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We set off down stream keeping in mind we would need to travel back up stream against the flow but it wasn’t that strong. We quickly discovered jet boats use this section of the river and although the signs said 5 knots through the gorge it was obvious that this apparently didn’t apply to the jet boat. The water acting as a mirror buckled with the wake but never broke in the gorge which was a weird feeling. We continued downstream paddling through the mist until we came across the geothermal activity.

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Hissing, gurgling and plopping could be heard from beyond the river banks. The surface of the water was hot and warmed the bottom of the boats. Keeping our distance from the more violet places we took our time checking everything out. We came across a bathing area complete with warning signs and moved along.

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The main feature “Orakei Korako” was off limits with access from a private jetty although we explored the river side. Hot water flowed over the large white coloured rocks. A closer look revealed more detail and colour.

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As time was pressing on we returned to the cars for our journey back to Auckland.

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All in all this was an amazing adventure and a perfect reason why winter should not stop you kayaking.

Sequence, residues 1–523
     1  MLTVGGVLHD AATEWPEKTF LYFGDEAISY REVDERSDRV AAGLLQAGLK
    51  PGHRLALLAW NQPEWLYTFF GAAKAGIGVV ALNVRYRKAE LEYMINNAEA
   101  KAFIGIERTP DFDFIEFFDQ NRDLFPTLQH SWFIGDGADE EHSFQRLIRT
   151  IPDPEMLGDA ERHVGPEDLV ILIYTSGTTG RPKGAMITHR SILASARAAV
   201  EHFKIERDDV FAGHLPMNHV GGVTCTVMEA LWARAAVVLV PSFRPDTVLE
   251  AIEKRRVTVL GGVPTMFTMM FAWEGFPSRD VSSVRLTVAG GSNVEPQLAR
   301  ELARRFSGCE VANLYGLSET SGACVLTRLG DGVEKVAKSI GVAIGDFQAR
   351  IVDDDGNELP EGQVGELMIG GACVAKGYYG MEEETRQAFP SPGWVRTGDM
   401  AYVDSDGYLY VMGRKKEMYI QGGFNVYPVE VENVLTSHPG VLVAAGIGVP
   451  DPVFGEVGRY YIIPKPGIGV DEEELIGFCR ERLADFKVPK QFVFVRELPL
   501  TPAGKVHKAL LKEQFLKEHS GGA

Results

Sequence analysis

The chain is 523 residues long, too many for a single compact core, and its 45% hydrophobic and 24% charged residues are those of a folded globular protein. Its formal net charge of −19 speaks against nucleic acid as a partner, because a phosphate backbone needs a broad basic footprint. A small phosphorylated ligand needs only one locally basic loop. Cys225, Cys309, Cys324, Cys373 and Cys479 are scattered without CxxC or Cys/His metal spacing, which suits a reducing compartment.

6.6 Degrees of Separation

We have all heard of the Six degrees of separation to explain how everyone in the world is connected to everyone else but is there any proof? Am I connected actually get to, for example a

A bored research team at Microsoft decided to find out by analysing the Windows Live Messenger traffic for a single month. Sure this doesn't take into account all cultures and walks of life but its a good start and their results point at 6.6 degrees of separation.

 

Tramp Whatipu 2009

Having not been to Whatipu in in quite a number of years it was time to return. Starting at Whatipu we took Gibbon’s track straight up onto the cliff top and from here we headed North admiring the wild west coast below. On the exposed ridge the track was quite muddy so definitely not one for your best Nike sneakers.

Looking down at Whatipu from Gibbon's Track

Before long we started dropping into the Parahaha Valley with its lush Nikau Palms and Kereru (Wood Pigeons) just hanging about. Cold wind was funnelling up the valley so used the shelter to prepare our lunch before continuing.

A Keru/Wood Pigeon

The Parahaha stream was higher than usual so we needed to get our feet wet and wade through the murky waters. Once on the other side of the river it was easy walking to get out onto the sand dunes and through the swamp. We then turned South to head back to Whatipu via the sand dunes.

Renate crosses the Parahaha Stream

I love this area with wind blown sand, small lakes and swampy areas. Popping in and out of the dunes not quiet knowing what you will find. Wind and water constantly changes the landscape.Lagoon's at Whatipu
Looking North from Parahaha Valley

Lagoon's at Whatipu

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  • My photos of the Whatipu tramp